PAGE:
All these studies revealed the importance of trust for children’s socialization and development of their prosocial behaviors. Sharing is a prosocial behavior. We aimed to examine relationship between young children’s trust conceptualization and sharing decisions.


Sharing is a prosocial skill (Capara et al., 2000), some scholars consider trust as the cornerstone of our social behaviors (Rotenberg et al., 2005) and since sharing behaviors occur in social relationships (Paulus et al., 2016) we thought there would be a relation between these two concepts.

Studies with young children on sharing have aimed at several aspects of children’s sharing behavior, such as inequality aversion (Fehr et al., 2008), differences in sharing with age (Benenson et al., 2007; Fehr et al., 2008), future-oriented sharing (Thompson et al., 1997), differences in sharing according to socio-economic level (Benenson et al., 2007), and the effect of past sharing behavior of the receiver and the closeness of the recipient (stranger, friend, or sibling) (Olson & Spelke, 2008). In summary, these studies revealed that children as young as 3 years old displayed costly sharing behavior; however, this behavior can be impeded by the introduction of a situation in which they were required to imagine future desires conflicting with their current desires (Benenson et al., 2007; Thompson et al., 1997). Young children tended to share more with recipients who were known as sharers than with recipients who were known as non-sharers. Additionally, young children tended to share more with friends and siblings than with strangers (Olson & Spelke, 2008). Children’s family socio-economic level did not affect their sharing behavior until they were 9 years old.

There is an in-group favoritism which revealed that level of relationship and how child perceive other person is important for sharing behavior (Yu et al., 2016). Yu et. al. (2016) conducted a study in China. They have found that 3- to 4-year-olds shared equally with strangers and friends; however, 5- to 6-year-old and older children displayed strong in-group favoritism. They have also mentioned that children’s egalitarian sharing increased strongly with age when the recipient was a friend, but when the recipient was a stranger the increase was less to moderate in magnitude.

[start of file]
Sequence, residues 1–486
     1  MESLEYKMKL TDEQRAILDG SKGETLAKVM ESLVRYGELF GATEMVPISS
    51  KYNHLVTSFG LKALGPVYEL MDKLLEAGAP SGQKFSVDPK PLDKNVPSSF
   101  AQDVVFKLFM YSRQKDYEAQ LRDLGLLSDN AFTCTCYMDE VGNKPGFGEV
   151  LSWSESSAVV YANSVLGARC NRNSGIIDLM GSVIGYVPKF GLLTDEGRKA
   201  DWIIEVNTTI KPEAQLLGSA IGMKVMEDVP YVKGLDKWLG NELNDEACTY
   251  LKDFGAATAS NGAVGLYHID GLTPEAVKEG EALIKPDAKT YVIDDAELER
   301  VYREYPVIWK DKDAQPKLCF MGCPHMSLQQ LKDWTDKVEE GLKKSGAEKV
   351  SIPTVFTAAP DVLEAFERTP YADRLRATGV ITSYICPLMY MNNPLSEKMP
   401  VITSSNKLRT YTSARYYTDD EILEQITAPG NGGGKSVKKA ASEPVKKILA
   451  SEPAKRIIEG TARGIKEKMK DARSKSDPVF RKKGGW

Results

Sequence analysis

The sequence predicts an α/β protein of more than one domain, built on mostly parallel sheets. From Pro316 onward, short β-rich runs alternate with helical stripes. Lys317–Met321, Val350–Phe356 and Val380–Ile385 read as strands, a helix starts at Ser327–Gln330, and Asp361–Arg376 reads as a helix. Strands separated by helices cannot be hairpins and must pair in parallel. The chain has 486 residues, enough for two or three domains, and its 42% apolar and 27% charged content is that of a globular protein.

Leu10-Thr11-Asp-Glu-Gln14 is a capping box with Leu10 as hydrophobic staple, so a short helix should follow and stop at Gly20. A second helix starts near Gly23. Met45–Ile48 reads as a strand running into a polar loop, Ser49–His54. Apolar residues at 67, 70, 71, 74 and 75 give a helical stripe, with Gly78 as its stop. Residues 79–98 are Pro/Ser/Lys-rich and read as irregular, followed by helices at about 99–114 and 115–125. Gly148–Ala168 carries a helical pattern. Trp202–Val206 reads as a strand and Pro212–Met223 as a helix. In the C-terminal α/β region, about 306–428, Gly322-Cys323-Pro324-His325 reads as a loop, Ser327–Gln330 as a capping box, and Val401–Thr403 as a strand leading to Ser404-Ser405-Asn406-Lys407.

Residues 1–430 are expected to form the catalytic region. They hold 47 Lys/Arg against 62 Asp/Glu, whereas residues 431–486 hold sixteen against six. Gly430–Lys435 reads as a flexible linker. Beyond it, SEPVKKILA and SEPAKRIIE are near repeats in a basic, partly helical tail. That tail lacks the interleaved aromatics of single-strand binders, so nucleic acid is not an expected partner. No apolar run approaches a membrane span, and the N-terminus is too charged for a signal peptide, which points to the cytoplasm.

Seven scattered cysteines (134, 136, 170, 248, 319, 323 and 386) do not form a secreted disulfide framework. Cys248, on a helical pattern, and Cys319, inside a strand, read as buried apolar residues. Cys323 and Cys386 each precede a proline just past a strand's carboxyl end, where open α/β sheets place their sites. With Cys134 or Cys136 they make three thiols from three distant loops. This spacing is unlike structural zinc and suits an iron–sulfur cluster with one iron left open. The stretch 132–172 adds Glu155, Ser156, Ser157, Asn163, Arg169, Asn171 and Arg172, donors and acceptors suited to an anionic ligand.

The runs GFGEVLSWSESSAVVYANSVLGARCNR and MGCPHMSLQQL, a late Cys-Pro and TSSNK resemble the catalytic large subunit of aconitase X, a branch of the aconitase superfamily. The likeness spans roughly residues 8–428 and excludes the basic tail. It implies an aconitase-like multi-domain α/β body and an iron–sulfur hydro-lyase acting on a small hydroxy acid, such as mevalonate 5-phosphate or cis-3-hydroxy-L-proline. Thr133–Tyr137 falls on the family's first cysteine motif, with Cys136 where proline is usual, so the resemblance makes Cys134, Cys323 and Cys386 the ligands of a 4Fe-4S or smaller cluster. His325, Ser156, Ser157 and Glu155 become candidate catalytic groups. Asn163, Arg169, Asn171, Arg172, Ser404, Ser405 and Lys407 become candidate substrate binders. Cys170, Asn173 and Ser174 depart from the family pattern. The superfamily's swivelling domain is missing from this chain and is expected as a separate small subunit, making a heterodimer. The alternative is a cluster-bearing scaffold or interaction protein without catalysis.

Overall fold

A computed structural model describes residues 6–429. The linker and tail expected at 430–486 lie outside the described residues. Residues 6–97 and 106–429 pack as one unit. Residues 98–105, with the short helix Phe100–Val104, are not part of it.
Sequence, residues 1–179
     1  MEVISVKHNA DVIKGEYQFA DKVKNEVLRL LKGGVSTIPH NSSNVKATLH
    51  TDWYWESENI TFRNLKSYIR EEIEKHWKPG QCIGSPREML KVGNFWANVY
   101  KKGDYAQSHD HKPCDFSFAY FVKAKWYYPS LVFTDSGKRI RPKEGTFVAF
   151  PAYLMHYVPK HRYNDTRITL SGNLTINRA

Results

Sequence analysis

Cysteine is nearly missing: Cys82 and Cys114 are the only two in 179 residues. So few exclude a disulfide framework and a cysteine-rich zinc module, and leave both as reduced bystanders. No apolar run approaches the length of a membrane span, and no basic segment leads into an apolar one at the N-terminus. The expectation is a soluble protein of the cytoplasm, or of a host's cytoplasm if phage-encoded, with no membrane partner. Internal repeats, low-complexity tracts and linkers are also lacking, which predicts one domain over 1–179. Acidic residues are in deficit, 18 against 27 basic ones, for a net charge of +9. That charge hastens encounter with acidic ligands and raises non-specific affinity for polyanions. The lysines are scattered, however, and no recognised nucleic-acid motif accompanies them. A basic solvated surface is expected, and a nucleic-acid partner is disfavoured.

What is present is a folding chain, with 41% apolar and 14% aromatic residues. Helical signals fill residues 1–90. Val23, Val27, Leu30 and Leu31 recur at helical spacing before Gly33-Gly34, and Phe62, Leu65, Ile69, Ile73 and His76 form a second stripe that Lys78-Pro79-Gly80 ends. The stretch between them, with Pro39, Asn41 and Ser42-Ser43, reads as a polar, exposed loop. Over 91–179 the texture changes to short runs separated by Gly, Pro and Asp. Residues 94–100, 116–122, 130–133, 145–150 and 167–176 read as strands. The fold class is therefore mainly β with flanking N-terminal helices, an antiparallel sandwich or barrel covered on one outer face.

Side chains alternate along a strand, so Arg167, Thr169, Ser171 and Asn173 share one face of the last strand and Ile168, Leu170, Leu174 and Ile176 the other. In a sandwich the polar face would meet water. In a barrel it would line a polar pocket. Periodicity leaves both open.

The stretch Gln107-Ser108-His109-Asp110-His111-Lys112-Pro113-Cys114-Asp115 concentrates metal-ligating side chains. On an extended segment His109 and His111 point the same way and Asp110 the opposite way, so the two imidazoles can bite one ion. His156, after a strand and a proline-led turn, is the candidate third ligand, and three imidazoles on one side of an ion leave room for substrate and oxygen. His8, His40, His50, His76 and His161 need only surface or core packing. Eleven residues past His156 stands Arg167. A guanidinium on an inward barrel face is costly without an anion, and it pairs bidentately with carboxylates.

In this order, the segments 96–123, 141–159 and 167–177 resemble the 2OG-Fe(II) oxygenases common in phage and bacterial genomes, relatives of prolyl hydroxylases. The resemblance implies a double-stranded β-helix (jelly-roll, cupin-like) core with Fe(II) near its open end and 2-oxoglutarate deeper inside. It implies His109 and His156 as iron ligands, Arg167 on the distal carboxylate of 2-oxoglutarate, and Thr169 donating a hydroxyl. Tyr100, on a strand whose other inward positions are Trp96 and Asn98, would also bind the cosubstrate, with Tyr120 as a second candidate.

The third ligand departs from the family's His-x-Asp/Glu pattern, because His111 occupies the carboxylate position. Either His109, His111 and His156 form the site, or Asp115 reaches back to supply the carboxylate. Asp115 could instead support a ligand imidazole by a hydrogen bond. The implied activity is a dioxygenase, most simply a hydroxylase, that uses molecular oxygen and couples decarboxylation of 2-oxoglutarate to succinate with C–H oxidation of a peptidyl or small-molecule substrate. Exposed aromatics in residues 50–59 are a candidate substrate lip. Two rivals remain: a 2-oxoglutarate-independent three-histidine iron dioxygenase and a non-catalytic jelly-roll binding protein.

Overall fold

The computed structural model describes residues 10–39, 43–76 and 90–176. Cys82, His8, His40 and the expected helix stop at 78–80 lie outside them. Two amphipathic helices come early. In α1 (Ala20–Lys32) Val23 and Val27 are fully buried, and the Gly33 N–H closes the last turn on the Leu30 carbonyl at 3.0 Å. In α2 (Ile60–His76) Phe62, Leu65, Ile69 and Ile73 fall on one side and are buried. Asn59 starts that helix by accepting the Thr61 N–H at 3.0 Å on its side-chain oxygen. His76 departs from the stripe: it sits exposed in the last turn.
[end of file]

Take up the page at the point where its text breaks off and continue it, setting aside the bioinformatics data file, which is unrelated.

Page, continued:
Benenson et. al. (2007) have found that children who were older and living in higher SES environments shared more than their peers who were younger and coming from lower SES environments. Children’s source allocation differs according to relationship level with the sharer. If there is no cost for sharing, young children share their sources with in-group and out-group strangers, just like they share with their friends. However, if there is cost for themselves, young children share more with their friends compare to in-group and out-group strangers (Moore, 2009). When children have expectation from the recipient or observer, children tended to share more (Engelmann et al., 2013). All these studies examined several aspects of sharing; however, to the authors’ knowledge none of them had investigated the relationship between young children’s trust and sharing decisions. The study aims at this gap.

Importance of study

A plethora of studies have examined young children’s epistemic trust in an informant (Clement et al., 2004; Corriveau & Harris, 2009; Hoicka & Akhtar, 2011; Hoicka et al., 2017; Lopez-Mobilia & Woolley, 2016; Luu et al., 2013; Robinson & Whitcombe, 2003; Sabbagh & Baldwin, 2001). These studies revealed that starting around 3–4 years old, children could evaluate the reliability, level of knowledge, seriousness, and consistency of an informant while deciding whom to trust.

Although many studies have examined young children’s epistemic trust decisions, studies that aim at interpersonal trust are still rare. We believe that the reason for the scarcity of research on interpersonal trust in young children is the difficulty of conceptualizing trust for them. What does trust mean for young children? What are the related concepts that may help us to derive children’s trust decisions? Therefore, in this study, we surveyed young children’s (4–5–6 years old) conceptualization of trust and its relationship with their sharing behavior. Accomplishing the purpose of the study required addressing the following research questions: (1) How do children define trust? (2) Does the conceptualization of trust differ according to age and/or gender? (3) Whom do children trust, and does this decision differ according to age and/or gender? (4) Do children share with people that they declare they trust? (5) Will children’s sharing decisions differ according to their age and/or gender?

Research methodology

The study was conducted with the permission of Harran University, Şanlıurfa, Turkey. Permission dates and protocol numbers for Harran University, Şanlıurfa, Turkey were 27.08.2021-E.4737298-44-30318984.